Julie Carol Richardson v Solihull Metropolitan Borough Council Special Educational Needs Tribunal (Interested Party)

JurisdictionEngland & Wales
CourtCourt of Appeal (Civil Division)
JudgeLORD JUSTICE BELDAM,LORD JUSTICE PETER GIBSON,LORD JUSTICE SCHIEMANN
Judgment Date12 February 1998
Judgment citation (vLex)[1998] EWCA Civ J0212-22
Date12 February 1998
Docket NumberQBCOF 97/1046 CMS4 QBCOF 97/1308 CMS4

[1998] EWCA Civ J0212-22

IN THE SUPREME COURT OF JUDICATURE

IN THE COURT OF APPEAL (CIVIL DIVISION)

ON APPEAL FROM THE QUEEN'S BENCH DIVISION

CROWN OFFICE LIST

(MR JUSTICE DYSON)

Royal Courts of Justice

The Strand

London WC2

Before:

Lord Justice Beldam

Lord Justice Peter Gibson

Lord Justice Schiemann

QBCOF 97/1046 CMS4

QBCOF 97/1106 CMS4

QBCOF 97/1308 CMS4

Between:
Julie Carol Richardson
Appellant
and
Solihull Metropolitan Borough Council
Respondent
Special Educational Needs Tribunal
Interested Party

and

Robert Duhaney White
Angela White
Appellants
and
London Borough of Ealing
The Special Needs Tribunal
Respondents

and

Hereford & Worcester County Court
Appellant
and
Karen Lane
Respondent

IN THE CASE OF RICHARDSON:

MR J MOFFETT (Instructed by Messrs Rust Moss & Co., Lancashire, BB5 1LE) appeared on behalf of the Appellant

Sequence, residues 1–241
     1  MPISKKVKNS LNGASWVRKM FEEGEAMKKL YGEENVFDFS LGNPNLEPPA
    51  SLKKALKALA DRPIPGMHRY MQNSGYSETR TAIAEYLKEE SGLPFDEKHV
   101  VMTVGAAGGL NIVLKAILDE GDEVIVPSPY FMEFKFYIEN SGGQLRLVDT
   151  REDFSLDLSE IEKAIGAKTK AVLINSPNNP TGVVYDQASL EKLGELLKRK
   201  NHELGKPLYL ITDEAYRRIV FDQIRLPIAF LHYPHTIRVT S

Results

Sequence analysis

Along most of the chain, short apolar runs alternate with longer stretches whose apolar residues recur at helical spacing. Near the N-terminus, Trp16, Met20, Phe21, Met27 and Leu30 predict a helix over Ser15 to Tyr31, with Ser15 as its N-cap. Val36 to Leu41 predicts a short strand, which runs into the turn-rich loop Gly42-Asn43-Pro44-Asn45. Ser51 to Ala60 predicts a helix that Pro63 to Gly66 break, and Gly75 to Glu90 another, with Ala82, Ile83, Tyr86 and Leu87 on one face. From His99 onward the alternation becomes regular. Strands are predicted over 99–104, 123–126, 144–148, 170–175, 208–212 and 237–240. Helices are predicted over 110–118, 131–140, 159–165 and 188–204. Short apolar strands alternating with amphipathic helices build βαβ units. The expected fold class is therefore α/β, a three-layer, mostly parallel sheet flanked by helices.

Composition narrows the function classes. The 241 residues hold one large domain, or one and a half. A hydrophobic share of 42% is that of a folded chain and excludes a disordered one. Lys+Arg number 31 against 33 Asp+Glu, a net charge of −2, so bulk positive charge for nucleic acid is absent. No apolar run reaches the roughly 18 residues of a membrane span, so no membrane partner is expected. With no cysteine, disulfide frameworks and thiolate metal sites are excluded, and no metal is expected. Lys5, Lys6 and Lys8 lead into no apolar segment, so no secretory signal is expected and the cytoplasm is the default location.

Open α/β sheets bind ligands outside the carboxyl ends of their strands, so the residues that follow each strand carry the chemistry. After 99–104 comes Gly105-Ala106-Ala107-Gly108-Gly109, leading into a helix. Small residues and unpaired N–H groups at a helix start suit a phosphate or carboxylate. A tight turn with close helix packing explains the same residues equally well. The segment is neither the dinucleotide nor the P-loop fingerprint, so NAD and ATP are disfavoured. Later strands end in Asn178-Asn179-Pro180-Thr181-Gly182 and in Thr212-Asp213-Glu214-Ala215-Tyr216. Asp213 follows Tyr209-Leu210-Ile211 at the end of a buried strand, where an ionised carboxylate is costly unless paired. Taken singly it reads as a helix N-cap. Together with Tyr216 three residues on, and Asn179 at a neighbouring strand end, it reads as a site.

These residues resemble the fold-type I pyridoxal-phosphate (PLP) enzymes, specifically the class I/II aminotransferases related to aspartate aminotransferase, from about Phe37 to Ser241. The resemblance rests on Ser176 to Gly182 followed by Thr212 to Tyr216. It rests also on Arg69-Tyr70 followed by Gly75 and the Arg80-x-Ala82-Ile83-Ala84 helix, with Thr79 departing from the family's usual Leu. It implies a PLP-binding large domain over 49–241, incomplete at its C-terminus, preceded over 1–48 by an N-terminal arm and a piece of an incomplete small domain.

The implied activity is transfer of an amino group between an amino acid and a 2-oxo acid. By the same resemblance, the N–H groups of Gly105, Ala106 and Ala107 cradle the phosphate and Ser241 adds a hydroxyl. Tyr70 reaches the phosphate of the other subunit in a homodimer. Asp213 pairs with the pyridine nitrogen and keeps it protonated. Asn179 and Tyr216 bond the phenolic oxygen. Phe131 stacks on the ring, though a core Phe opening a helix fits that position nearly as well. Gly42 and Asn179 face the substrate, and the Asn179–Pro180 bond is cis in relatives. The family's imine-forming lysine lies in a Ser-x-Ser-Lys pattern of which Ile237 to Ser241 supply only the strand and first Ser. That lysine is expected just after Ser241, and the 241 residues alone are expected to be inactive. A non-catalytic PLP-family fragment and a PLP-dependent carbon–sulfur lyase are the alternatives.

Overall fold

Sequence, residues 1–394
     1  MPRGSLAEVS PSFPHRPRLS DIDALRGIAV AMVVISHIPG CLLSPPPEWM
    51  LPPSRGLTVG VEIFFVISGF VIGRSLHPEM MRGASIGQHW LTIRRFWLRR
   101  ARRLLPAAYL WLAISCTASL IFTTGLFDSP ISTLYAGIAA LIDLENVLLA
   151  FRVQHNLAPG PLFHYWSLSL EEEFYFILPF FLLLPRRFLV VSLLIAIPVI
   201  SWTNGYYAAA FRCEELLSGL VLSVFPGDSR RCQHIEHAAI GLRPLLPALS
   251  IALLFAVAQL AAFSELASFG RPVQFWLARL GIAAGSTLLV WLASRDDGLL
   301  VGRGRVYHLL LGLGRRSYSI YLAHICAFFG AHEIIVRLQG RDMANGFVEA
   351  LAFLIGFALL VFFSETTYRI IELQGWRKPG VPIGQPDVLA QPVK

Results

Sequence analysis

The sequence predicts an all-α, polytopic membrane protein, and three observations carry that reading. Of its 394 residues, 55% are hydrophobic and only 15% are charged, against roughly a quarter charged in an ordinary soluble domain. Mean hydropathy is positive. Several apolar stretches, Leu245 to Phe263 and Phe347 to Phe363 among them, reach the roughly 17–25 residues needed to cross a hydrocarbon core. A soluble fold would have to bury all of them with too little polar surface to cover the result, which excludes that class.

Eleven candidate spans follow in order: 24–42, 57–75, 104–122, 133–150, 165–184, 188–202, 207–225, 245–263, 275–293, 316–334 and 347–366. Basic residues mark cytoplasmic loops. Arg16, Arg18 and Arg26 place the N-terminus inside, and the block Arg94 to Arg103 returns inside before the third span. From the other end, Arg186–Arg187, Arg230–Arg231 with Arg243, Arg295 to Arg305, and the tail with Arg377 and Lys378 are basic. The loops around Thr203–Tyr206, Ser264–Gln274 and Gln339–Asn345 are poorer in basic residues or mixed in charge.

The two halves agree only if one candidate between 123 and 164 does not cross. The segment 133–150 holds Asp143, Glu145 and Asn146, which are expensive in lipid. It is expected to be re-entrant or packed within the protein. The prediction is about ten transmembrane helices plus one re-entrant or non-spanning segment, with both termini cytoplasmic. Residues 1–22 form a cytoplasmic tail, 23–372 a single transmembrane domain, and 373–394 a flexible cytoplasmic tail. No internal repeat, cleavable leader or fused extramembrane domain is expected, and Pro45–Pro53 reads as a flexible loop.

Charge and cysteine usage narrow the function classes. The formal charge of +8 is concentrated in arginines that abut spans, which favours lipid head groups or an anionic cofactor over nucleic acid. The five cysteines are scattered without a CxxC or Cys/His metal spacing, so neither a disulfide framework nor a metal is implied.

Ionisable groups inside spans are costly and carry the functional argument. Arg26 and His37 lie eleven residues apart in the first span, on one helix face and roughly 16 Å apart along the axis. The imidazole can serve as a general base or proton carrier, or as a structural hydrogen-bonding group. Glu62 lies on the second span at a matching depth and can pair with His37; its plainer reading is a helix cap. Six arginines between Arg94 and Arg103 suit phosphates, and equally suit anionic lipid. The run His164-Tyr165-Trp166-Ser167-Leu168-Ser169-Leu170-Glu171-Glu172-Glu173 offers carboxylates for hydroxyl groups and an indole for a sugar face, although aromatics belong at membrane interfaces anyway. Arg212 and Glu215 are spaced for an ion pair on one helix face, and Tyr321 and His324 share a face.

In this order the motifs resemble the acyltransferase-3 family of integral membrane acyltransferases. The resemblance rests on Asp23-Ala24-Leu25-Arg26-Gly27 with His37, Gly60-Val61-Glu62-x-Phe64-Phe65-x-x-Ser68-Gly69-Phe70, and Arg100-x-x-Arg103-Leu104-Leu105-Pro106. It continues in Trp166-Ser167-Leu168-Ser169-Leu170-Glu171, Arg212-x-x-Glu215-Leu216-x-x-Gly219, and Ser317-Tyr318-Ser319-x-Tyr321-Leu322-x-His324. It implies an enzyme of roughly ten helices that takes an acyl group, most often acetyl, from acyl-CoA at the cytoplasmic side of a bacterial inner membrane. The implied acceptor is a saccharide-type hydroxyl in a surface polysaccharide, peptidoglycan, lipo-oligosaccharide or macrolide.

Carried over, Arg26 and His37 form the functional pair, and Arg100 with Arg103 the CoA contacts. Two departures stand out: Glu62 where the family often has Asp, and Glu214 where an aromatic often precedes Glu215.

MR T KERR (Instructed by Michael Blamire-Brown, Solicitor to the Council, Council House, Solihull, B91 3QS) appeared on behalf of the Respondent

MISS N LIEVEN (Instructed by Treasury Solicitor, London SW1H 9JS) appeared on behalf of the Interested Party

IN THE CASE OF WHITE:

MR N BOWEN (Instructed by Messrs Teacher Stern Selby, London WC1R 4JH) appeared on behalf of the Appellant

MR J FRIEL (Instructed by Ealing London Borough Corporate Resources & Legal Services, DX5106, Ealing) appeared on behalf of the First Respondent

MISS N LIEVEN (Instructed by Treasury Solicitor, London SW1H 9JS) appeared on behalf of the Second Respondent

IN THE CASE OF HEREFORD & WORCESTER:

MR A SHARLAND (Instructed by Director of Administrative & Legal Services, Hereford & Worcester County Council, DX29941, Worcester) appeared on behalf of the Appellant